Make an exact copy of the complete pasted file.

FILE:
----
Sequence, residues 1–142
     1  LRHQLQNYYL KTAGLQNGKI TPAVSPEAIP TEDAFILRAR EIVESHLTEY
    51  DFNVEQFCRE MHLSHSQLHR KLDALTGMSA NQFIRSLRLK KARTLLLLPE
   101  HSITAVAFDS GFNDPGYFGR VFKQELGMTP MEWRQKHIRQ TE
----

Sequence, residues 1–142
     1  LRHQLQNYYL KTAGLQNGKI TPAVSPEAIP TEDAFILRAR EIVESHLTEY
    51  DFNVEQFCRE MHLSHSQLHR KLDALTGMSA NQFIRSLRLK KARTLLLLPE
   101  HSITAVAFDS GFNDPGYFGR VFKQELGMTP MEWRQKHIRQ TE